Urban dwellers on the East Coast and Northern Californians typically don’t have a lot of nice things to say about Greater Los Angeles. Most complaints are of the “it’s a big sprawling mess” variety. The city and region grew so rapidly from the mid- to late-20th century, and so dependent on the automobile, that it seems to take at least 45 minutes to reach any destination in the metropolitan area. For a minute, though, picture a very different Greater Los Angeles: one beset by inter-ethnic violence equivalent to a Watts riot every single week; with half its residents living in illegally built h
Los Angeles—When you get a new car, you start noticing the same model all over the highway. It’s the same way when you figure out what California’s marijuana dispensaries look like—green crosses and signage about “medicine” and “420” start popping up all over the City of Angels: On your commute to work, in your neighborhood, around the corner from your favorite restaurant. To put it bluntly, it’s not hard to find weed in California. But that all might be about to change. The state’s four U.S.
In Time is so crammed with provocative ideas it begins to feel over-crowded. At some time in a future that looks like the recent past of Los Angeles, human aging has been stopped at twenty-five. At that point of perfection, everyone has one year left to live, and their remaining span registers as a luminous green set of numbers (their “watch”), printed on the forearm. But this situation has turned time into the new money, and so—in the way of the world—some people are richer than others. People still look like twenty-five when they are eighty.
In the last week, my attention has been taken up by two American crime films from the 1950s that have appeared in excellent DVD versions: Joseph Losey’s The Prowler (1951), restored and delivered by a combination of benevolent institutions, the Film Noir Foundation, the U.C.L.A. Archive, and the Stanford Theatre in Palo Alto, which means the exceptional patron of so many arts, David W.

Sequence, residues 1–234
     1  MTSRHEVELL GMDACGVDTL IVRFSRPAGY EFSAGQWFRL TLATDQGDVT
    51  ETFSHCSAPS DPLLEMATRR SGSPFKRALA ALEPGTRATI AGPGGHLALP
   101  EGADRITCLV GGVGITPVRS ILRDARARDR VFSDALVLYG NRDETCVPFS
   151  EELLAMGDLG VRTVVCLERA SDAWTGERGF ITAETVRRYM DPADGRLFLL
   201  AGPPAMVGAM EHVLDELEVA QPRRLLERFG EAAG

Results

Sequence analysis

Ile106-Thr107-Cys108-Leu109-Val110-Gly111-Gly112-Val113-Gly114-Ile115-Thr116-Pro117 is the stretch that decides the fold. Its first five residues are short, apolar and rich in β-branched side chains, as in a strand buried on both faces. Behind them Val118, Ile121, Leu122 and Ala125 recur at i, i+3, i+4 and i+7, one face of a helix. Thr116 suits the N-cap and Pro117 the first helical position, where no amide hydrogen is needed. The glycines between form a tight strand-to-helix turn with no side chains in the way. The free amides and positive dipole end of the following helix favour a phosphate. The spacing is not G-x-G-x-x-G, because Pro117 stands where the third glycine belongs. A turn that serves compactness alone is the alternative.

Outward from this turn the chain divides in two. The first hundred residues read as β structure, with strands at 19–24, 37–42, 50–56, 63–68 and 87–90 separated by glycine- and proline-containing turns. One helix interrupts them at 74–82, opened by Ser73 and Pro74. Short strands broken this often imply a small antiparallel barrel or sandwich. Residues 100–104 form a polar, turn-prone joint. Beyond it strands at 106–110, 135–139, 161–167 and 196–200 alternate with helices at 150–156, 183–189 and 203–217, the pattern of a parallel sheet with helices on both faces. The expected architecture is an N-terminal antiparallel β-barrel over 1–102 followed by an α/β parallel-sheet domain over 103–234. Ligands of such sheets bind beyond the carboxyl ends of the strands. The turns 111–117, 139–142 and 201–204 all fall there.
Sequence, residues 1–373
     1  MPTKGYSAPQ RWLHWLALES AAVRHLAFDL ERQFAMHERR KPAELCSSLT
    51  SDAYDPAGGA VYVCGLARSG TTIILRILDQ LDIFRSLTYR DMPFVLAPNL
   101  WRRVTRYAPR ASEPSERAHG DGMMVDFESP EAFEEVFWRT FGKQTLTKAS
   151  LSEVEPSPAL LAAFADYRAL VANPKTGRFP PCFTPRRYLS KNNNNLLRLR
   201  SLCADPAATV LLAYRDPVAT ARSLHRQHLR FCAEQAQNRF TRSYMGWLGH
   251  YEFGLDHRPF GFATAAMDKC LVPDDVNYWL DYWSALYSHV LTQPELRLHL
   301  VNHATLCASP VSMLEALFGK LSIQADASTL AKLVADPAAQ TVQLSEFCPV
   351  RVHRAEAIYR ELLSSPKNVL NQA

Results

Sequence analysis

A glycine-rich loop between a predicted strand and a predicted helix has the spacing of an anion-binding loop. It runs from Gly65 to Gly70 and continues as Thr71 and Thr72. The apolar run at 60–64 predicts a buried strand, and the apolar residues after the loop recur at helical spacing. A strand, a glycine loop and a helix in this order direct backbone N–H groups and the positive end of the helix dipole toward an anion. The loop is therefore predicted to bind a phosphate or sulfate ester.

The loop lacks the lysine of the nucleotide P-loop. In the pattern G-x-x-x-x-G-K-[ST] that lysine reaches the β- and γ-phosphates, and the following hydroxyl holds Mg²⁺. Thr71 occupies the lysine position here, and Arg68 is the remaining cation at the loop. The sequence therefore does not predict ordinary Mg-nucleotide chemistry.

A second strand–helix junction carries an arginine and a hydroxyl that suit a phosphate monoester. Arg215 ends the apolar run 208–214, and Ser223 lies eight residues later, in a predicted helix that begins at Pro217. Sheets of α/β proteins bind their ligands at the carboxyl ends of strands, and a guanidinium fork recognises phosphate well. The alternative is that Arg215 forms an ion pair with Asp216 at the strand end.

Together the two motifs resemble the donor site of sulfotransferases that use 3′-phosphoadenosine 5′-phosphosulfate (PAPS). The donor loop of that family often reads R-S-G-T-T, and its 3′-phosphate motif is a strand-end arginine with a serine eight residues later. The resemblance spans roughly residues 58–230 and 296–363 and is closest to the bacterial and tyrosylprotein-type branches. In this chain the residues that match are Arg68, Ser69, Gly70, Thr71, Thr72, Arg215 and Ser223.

This story is one of a series aiming to answer a simple question: Why are undocumented immigrants that the administration says it intends to help stay in this country still facing deportation? For an earlier story on this topic, see “One Family In Limbo: What Obama’s Immigration Policy Looks Like In Practice.” For the first time in years, Mayra Godoy, who came to this country after fleeing Guatemala’s civil war in 1991, ought to have reason for optimism. As an undocumented immigrant with no criminal record and deep roots (including a U.S.
He is called “Driver” on the wishful but forlorn principle that you only need to be what you do. He works in an auto repair shop in Los Angeles for a man named Shannon (Bryan Cranston), whose heavy limp bespeaks a bad history with the Mob. It is Shannon, acting as an amiable manager, who guides Driver into other jobs: doing stunts for movies; and driving the getaway car on serious robberies.
I saw him last night. I saw Senator Marco Rubio in person as he delivered a speech at the Ronald Reagan Library outside of Los Angeles. I saw Marco Rubio catch Nancy Reagan as she stumbled.
The scenes of violence that emerged from London last week—the burning buildings and rampant looting, the police and firefighters under attack—were undeniably upsetting, but that’s not to say they were unfamiliar. The riots not only bore a strong resemblance to several recent instances of violent crime in the United States, they hearkened directly to the incendiary outbursts of racial violence that plagued this country from 1965 to 1968—from Watts in Los Angeles, to Detroit, to the H Street corridor in Washington D.C.
Los Angeles faces a 53-hour traffic nightmare this weekend when officials shut down a ten-mile stretch of the 405 Freeway for demolition work. The impending gridlock, which has been cleverly dubbed “Carmageddon,” could shock even L.A. drivers already used to the worst congestion in America: One official at the California Department of Transportation has warned of backups up to 64 miles long.